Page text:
BY ANGELJEAN CHIARAMIDA
---- — SEABROOK — Seabrook Middle School was honored with a New Hampshire Middle School Excellence in Education award yesterday.
A 20-year-old, private, independent initiative, the EDies award annually recognizes New Hampshire public schools on the elementary, middle and high school levels that meet high standards of educational excellence.
Although the school community celebrated as a whole at a surprise assembly yesterday morning, administrators will travel to Manchester on June 8 to pick up an engraved school bell, the symbol of the EDies.
Seabrook Middle School Assistant Principal Bryan Belanger said he and Principal Les Shepard couldn’t be happier for the students, parents, teachers, staff and the entire community.
“When the kids learned about the award, they were surprised but filled with pride,” he said. “They’ve been with us on this from the beginning.”
According to Barbara Gondek, chairwoman of the EDies Middle School Selection Committee, giving the school bell to Seabrook yesterday was a pleasure.
“During the Middle School Selection Committee’s site visit, Seabrook Middle School just blew us away,” Gondek said.
Gondek said there are five categories, with sub-categories, involved in scoring those schools applying for consideration for the award. Seabrook excelled in each.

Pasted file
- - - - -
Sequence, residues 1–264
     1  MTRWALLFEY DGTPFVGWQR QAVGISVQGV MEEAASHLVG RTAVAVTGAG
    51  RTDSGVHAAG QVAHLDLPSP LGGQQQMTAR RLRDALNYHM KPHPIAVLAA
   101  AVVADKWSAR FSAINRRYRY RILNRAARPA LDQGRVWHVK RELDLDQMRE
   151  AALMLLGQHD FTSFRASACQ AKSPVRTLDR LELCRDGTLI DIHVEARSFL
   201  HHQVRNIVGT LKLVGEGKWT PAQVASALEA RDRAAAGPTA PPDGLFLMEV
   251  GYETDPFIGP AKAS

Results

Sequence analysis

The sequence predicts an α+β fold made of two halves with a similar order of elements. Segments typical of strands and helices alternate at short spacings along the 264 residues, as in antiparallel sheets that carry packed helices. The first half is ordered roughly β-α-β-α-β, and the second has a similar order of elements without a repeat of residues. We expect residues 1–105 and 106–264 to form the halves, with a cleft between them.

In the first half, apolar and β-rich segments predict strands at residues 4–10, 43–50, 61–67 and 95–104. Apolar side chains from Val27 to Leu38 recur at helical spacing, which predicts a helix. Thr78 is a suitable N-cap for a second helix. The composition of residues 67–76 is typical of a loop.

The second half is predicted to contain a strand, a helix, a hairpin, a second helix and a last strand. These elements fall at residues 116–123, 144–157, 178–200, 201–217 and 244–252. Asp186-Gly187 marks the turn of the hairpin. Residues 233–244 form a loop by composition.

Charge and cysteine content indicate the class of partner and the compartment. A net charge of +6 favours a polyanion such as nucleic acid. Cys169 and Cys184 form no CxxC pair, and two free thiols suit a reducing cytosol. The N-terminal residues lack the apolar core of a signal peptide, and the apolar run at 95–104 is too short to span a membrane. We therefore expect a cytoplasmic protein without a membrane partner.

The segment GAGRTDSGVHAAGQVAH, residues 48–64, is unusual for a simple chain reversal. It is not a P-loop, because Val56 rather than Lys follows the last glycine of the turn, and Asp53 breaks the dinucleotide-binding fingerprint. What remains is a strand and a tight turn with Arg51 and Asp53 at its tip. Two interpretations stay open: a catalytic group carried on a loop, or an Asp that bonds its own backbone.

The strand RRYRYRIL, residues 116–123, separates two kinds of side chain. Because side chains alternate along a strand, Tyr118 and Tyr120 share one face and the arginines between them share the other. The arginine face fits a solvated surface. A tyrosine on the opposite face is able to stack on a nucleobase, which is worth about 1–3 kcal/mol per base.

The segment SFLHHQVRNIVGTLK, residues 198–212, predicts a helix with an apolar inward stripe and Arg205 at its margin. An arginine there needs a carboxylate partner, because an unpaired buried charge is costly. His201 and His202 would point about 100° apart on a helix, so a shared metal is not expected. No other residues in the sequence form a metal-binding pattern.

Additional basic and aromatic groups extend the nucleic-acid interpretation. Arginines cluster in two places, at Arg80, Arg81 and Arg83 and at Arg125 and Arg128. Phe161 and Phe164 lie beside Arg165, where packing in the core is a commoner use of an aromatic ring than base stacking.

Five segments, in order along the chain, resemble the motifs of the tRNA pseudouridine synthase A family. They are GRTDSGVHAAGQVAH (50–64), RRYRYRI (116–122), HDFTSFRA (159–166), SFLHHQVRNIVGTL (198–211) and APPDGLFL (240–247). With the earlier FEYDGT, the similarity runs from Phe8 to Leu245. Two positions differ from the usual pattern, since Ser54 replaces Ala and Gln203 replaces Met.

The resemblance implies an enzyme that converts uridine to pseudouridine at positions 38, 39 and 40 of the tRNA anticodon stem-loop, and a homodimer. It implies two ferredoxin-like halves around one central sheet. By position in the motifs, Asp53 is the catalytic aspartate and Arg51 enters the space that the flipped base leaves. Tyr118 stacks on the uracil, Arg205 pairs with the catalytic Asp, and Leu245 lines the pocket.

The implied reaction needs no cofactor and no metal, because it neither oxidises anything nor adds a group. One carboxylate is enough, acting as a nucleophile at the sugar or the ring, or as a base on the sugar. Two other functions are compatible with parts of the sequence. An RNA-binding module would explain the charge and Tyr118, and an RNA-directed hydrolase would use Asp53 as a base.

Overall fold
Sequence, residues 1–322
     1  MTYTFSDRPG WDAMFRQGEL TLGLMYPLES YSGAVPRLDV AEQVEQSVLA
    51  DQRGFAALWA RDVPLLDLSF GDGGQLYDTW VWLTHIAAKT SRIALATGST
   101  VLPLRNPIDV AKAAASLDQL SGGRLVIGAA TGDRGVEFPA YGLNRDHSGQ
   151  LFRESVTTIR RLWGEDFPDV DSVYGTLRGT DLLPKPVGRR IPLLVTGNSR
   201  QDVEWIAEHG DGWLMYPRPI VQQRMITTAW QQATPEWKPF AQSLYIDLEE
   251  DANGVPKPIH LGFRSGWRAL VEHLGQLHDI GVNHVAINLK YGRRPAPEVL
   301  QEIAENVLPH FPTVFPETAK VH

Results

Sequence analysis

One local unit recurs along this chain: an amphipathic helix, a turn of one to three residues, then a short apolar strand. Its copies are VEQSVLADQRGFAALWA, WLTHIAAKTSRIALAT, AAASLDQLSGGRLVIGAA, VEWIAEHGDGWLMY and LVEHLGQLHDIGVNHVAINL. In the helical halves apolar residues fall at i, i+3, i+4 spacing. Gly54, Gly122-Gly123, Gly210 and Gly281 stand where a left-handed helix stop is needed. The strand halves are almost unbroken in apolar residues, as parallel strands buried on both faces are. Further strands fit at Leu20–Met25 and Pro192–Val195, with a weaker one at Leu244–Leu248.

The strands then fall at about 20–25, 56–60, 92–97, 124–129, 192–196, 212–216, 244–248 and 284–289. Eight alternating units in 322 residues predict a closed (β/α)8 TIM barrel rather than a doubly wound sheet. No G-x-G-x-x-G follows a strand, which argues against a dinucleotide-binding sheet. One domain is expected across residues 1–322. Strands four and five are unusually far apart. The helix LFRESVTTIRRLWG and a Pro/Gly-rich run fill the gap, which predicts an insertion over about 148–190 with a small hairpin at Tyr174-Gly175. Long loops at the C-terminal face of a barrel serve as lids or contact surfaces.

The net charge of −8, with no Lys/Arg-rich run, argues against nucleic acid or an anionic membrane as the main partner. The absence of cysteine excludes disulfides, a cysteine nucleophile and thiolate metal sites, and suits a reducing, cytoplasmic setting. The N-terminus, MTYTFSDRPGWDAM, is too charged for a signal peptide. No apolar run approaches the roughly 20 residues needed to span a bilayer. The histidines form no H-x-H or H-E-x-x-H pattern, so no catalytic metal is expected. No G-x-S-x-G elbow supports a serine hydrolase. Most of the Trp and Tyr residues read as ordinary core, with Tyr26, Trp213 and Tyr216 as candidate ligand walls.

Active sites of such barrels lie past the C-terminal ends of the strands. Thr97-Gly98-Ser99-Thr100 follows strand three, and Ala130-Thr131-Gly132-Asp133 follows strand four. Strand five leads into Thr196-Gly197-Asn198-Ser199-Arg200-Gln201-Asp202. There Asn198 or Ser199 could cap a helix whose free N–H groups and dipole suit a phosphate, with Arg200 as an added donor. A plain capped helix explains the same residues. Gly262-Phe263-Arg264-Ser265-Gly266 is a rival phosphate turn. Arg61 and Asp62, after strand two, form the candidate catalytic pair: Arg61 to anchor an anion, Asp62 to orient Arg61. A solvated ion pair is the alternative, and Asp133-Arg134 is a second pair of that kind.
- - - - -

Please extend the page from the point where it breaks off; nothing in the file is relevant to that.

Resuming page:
“That doesn’t always happen; sometimes schools are good in some areas but not in others,” she said.
The qualities that impressed the six experienced educators on the selection committee included the school’s extensive use of technology in teaching, its sense of community, the teachers’ focus on teaching to the needs of each student, a welcoming atmosphere and the students’ behavior.
Excellence was present in everyone, Gondek said, students, teachers, administrators, secretaries, food service to the maintenance staff members.
“They live and breathe the Peace Builders initiative at Seabrook — everyone’s involved,” said Gondek, a 35-year retired middle school teacher from the Bedford, N.H., school district. “We didn’t see any signs of typical middle school behavior like teasing and bullying. It was just such a nice atmosphere.”
The selection process began in December, when the school applied for the award, she said. The committee took all applications and went to work. Each school was visited and evaluated.
“I recommended Seabrook due to its phenomenal approach to educating the whole child through a caring faculty and staff and an extensive involvement of community resources,” she said. “A sense of community and caring exists in every aspect throughout the school. They use a variety of teaching strategies and best practices infused with technology.”
Belanger said the school was fortunate to have state-of-the-art technology.
“We’re very fortunate, for the students and teachers have cutting-edge technology to use in Seabrook,” Belanger said. “The community is very generous and supports us on this.”
Gondek said the criteria of the EDies does not eliminate districts like Seabrook that are listed as “In need of improvements,” under the No Child Left Behind testing system. Teaching is more than just test scores, she said, and as long as a school has an action plan to correct its problems, it can still apply.
“Seabrook has an action plan, and they showed it to us,” she said. “We had a wonderful visit the day we were there. We didn’t want to leave.”